• Clear Project training and funding– The Clear Project provide a range of evidence-based mental health, emotional wellbeing and suicide prevention training free of charge to community & voluntary groups in Western Trust area. Book through and read more about the training delivered last year and the difference it has made to individuals in our Training Report. The Clear Project also administer the Making Life Better through Short Term Funding on behalf of the PHA. Funding of up to £5,000 is available in-year for community & voluntary groups. A number of videos highlighting the type of activity funded were shown at the event and full details of all projects are available on the DHC website. Sports coaches funding of up to £500 for sports equipment was also highlighted.  

  • Northern Ireland Registry of Self-Harm and Sudden Death 1 (SD1) process – Kathy Owens from the Public Health Agency outlined the SD1 process, which has been operational since 2012. SD1 forms are completed by PSNI, reviewed by PHA and monitored by Health Trusts.  The purpose of the SD1 process is to ensure support is offered to those bereaved or affected by a death suspected as suicide and identify any potential trends or clusters of suspected suicides. Data for the self-harm registry is collected from Emergency Departments and the 2021/2022 data will be published shortly which means there will now be 10 years of data. This will help identify trends and inform service planning. Further information on the help and support are available can be found at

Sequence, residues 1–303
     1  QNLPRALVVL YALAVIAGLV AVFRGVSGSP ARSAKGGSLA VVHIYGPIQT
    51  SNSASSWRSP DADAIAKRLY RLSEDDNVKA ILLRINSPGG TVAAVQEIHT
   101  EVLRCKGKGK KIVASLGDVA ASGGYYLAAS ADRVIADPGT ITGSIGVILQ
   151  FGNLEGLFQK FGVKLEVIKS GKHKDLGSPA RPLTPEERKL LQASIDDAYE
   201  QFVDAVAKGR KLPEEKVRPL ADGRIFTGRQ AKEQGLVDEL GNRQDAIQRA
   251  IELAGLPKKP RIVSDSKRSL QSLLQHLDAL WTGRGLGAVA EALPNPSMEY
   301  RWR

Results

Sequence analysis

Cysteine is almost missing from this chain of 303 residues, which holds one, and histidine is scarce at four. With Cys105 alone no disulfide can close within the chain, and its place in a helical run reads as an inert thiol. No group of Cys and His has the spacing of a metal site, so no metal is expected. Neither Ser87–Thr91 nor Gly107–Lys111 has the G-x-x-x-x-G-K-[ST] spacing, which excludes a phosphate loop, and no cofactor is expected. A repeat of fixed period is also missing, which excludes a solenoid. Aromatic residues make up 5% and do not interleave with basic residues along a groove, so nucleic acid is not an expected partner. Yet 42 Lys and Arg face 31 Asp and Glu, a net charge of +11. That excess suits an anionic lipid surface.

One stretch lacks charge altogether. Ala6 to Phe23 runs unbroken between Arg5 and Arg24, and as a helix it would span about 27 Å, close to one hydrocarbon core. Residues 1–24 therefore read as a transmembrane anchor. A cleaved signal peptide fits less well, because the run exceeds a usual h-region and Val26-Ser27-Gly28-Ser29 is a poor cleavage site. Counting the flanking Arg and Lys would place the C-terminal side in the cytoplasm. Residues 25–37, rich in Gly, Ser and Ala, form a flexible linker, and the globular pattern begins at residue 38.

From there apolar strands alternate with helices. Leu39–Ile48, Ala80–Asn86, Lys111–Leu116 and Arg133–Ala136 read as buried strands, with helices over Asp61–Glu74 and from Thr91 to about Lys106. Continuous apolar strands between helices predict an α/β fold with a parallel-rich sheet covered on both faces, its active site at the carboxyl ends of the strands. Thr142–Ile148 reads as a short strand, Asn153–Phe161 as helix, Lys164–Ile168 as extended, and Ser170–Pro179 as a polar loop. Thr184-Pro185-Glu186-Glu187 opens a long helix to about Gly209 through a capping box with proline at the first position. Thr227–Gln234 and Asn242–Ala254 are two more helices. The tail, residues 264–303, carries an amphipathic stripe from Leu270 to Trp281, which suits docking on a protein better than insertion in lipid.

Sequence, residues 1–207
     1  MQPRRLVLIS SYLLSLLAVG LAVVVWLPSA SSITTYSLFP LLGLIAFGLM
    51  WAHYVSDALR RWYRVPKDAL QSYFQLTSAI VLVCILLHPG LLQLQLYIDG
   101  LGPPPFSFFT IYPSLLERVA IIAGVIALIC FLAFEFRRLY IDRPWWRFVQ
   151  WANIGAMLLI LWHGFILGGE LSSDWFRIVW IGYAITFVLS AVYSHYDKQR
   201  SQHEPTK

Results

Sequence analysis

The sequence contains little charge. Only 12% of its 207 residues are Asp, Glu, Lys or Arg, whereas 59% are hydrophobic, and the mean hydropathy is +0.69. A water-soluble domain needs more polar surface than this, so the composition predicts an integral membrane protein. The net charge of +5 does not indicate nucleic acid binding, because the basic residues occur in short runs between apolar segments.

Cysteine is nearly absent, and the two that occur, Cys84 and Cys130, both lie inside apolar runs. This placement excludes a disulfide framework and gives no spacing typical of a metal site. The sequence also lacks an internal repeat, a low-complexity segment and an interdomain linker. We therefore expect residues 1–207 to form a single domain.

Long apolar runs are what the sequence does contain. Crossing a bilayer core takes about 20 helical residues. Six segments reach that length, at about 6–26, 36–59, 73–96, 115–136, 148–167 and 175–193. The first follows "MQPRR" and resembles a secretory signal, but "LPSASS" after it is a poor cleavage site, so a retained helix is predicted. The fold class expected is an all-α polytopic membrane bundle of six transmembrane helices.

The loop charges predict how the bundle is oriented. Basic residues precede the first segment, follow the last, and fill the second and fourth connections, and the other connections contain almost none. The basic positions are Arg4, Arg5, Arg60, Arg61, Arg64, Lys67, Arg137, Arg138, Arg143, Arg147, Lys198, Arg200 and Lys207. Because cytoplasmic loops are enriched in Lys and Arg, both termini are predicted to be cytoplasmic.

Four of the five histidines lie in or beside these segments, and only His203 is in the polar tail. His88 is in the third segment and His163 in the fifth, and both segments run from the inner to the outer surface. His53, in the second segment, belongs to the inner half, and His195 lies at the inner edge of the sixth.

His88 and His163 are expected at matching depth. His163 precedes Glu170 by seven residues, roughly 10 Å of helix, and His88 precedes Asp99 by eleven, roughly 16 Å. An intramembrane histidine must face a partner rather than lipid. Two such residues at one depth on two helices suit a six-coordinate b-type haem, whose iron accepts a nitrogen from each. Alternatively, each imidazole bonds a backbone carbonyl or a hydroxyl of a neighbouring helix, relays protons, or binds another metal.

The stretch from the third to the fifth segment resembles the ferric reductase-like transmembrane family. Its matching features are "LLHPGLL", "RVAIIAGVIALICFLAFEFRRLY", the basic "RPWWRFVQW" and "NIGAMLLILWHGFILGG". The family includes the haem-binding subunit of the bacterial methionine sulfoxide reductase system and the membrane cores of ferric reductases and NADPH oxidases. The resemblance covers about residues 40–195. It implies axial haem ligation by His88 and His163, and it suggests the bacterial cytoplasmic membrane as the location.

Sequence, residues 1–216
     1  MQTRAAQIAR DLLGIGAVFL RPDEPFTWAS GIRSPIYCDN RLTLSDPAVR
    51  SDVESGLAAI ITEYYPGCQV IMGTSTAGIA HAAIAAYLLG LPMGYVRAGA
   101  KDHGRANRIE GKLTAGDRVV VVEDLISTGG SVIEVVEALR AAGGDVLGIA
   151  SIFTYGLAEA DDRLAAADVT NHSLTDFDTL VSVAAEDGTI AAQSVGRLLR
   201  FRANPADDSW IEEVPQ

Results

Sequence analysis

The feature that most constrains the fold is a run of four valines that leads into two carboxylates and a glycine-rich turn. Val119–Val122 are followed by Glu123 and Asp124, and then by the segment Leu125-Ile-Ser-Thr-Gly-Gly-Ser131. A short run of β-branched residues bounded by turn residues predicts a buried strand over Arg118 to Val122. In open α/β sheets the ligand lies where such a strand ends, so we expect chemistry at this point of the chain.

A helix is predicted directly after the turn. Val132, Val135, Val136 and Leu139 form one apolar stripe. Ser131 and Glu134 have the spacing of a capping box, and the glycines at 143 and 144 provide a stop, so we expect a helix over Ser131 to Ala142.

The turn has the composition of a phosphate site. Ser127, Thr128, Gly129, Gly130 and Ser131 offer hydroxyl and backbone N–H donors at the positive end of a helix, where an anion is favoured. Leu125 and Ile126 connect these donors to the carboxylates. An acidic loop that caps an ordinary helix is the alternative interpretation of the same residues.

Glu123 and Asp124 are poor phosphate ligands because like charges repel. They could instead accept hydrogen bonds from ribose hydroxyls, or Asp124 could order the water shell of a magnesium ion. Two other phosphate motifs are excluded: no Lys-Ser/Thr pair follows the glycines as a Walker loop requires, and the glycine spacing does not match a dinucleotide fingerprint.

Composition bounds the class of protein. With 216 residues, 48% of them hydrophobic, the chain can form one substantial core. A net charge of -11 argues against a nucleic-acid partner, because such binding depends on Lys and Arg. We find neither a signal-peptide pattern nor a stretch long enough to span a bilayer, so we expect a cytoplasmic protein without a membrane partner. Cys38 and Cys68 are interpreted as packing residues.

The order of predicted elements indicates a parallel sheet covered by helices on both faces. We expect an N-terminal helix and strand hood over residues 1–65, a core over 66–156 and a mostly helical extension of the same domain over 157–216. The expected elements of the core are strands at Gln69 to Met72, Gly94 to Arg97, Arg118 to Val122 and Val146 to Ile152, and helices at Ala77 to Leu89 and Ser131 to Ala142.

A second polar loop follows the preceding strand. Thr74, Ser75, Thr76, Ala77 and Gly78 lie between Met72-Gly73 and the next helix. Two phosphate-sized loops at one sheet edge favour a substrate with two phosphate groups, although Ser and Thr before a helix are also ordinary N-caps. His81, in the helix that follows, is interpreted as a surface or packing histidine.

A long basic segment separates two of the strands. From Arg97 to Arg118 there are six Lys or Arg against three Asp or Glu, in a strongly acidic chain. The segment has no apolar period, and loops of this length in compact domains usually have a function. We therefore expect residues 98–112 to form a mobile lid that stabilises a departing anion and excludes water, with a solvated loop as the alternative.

• Adult Mental Health Bereaved by Suicide Service – Fidelis Simpson from Western Health and Social Care Trust provided guidance on the services available for families and those bereaved by suicide within the past two years. This includes practical support and guidance, short-term support follow-up support, reading material and referral to statutory and/or voluntary helping services. Bereaved family members are also invited to join local support groups and the annual tree of lights ceremony. If families don’t take up the offer of initial support, they will be followed-up after six months. Referral pathway includes SD1/PSNI, self-refer, GP referral, statutory services and community/voluntary services. 

  • ComKit – Mark Gibney from Family Voices Forum gave a demonstration on the online ComKit, which is an empathic communication toolkit to be used at a time of heightened suicide concerns. The aim of the toolkit is to help you better understand every step, how to remember a loved one and how to support those in need. Videos include guidance on memorials and gatherings, language and social media. Further information provides helps and direction to the correct source of support. England has a similar action in their recently published Suicide Prevention Strategy and are looking at the ComKit as a model of good practice.  DHC and the Public Health Agency are keen to hear about examples of the ComKit being used.